Mühlhausen

Mühlhausen mülhou´zən [key] or Mühlhausen in Thüringen mülhou´zən ĭn tür´ĭng-ən [key], city (1994 pop. 39,906), Thuringia, central Germany, on the Unstrut River. It is a major center for the manufacture of textiles, leather, wood, and metal products. Barite is mined nearby. Fortified (10th cent.) by Henry I, Mühlhausen was a favorite residence of the German rulers. It was made a free imperial city in 1180 and later (13th cent.) joined the Hanseatic League . It became (16th cent.) an Anabaptist center and was dominated during the Peasants' War by Thomas Münzer , who was executed there in 1525. Mühlhausen changed hands several times before passing in 1815 to Prussia. Noteworthy structures of the city include several Gothic churches, a 17th-century city hall, medieval fortifications, and many houses dating from the 16th, 17th, and 18th cent.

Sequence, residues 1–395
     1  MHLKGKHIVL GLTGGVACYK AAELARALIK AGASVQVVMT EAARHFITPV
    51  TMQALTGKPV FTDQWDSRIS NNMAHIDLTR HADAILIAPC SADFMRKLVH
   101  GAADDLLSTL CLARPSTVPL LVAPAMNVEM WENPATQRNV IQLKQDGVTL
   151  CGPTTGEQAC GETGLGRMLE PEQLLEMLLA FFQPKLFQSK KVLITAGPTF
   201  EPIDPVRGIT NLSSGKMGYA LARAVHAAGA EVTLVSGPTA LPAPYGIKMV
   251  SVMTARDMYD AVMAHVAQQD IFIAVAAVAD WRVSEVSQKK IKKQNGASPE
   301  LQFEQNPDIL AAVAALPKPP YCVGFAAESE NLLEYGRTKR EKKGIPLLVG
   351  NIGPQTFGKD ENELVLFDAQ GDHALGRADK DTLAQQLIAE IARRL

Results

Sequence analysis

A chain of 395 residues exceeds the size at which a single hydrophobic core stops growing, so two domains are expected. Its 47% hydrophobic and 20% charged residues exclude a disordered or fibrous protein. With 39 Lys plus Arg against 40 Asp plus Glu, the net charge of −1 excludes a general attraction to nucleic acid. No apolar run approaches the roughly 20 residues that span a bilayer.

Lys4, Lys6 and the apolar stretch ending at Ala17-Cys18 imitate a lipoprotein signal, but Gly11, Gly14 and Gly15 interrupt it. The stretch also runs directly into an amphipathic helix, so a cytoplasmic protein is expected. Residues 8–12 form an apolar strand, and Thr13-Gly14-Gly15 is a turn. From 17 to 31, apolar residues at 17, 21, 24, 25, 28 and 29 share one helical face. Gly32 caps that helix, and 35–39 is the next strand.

The Columbia Electronic Encyclopedia, 6th ed. Copyright © 2012, Columbia University Press. All rights reserved.

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